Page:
Feeds

Gmail exploit aids domain hijack

Web designer holds out against extortion

Boost IT visibility and business value

Web designer David Airey has succeeded in recovering his domain after hackers exploited flaws in Gmail to trick his hosts into authorising a fraudulent transfer.

Airey's woes began when he took his girlfriend for a month-long holiday to India on 21 November, a trip he mentioned in his blog. The holiday was a break from work and he only occasionally checked his emails.

All seemed well until shortly before his return when Airey received an email from a friend informing him that his website, Davidairey.com, had "disappeared".

At first Airey thought he'd made a mistake and allowed his domain name to expire and a domain poacher had snapped it up before he got the chance to renew it. Subsequent digging revealed a darker truth: hackers had posted a bogus transfer request on his web host support panel the day Airey left for India.

This, alongside an attack on a Gmail account run by Airey, allowed them to seize his domain and hold it for ransom. Initially crooks demanded $650 before dropping their offer down to $250.

Airey's host, ICDSoft, were unable to reverse the transfer. The transfer request was initially sent to Airey's Gmail account but forwarded to crooks after they used an exploit to forward the email to a third-party account. Gmail has since fixed the flaw but Airey says that users would still be wise to check their account settings to verify that they too haven't been hit by the hack.

Recovering the domain through legal action would eat up far more in lawyer's fees, perhaps a minimum of $1,500, and might take months. During that time Airey would also lose passing trade that the domain brought in. In the meantime Airey has established an alternative Davidairey.co.uk website.

While it might be a pragmatic decision to give in to fraudsters Airey vowed to fight on, rallying considerable support in the process.

Three days after reporting how a Gmail security flaw resulting (in part) in the theft of his domain name Airey was able to recover the address. GoDaddy.com staff, the registrar with who his domain had been parked, helped him undo the transfer request.

Airey's account of the web hijack and its aftermath can be found here. ®

Gartner critical capabilities for enterprise endpoint backup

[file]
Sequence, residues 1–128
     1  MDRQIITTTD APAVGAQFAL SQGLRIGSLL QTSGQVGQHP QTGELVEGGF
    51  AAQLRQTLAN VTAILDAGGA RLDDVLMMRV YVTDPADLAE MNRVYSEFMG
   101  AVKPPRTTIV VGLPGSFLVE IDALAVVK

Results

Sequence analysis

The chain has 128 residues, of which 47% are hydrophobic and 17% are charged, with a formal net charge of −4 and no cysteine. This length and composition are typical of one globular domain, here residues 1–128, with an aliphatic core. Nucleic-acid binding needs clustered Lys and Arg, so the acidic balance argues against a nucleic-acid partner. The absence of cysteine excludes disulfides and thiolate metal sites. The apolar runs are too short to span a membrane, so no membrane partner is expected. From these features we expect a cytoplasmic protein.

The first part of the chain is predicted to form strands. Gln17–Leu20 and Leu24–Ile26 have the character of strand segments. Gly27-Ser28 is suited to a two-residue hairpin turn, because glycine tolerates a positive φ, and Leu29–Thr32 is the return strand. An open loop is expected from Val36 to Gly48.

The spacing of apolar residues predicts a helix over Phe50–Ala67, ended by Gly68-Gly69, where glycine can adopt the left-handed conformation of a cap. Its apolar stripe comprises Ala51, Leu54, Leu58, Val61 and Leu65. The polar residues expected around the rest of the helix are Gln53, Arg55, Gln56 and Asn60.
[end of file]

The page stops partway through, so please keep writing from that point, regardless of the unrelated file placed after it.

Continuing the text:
More from The Register

next story
Microsoft: We plan to CLEAN UP this here Windows Store town
Paid-for apps that provide free downloads? Really
Snowden on NSA's MonsterMind TERROR: It may trigger cyberwar
Plus: Syria's internet going down? That was a US cock-up
Who needs hackers? 'Password1' opens a third of all biz doors
GPU-powered pen test yields more bad news about defences and passwords
e-Borders fiasco: Brits stung for £224m after US IT giant sues UK govt
Defeat to Raytheon branded 'catastrophic result'
Hear ye, young cyber warriors of the realm: GCHQ wants you
Get involved, get a job and then never discuss work ever again
Chinese hackers spied on investigators of Flight MH370 - report
Classified data on flight's disappearance pinched
Microsoft cries UNINSTALL in the wake of Blue Screens of Death™
Cache crash causes contained choloric calamity
prev story

Whitepapers

Implementing global e-invoicing with guaranteed legal certainty
Explaining the role local tax compliance plays in successful supply chain management and e-business and how leading global brands are addressing this.
7 Elements of Radically Simple OS Migration
Avoid the typical headaches of OS migration during your next project by learning about 7 elements of radically simple OS migration.
BYOD's dark side: Data protection
An endpoint data protection solution that adds value to the user and the organization so it can protect itself from data loss as well as leverage corporate data.
Consolidation: The Foundation for IT Business Transformation
In this whitepaper learn how effective consolidation of IT and business resources can enable multiple, meaningful business benefits.
High Performance for All
While HPC is not new, it has traditionally been seen as a specialist area – is it now geared up to meet more mainstream requirements?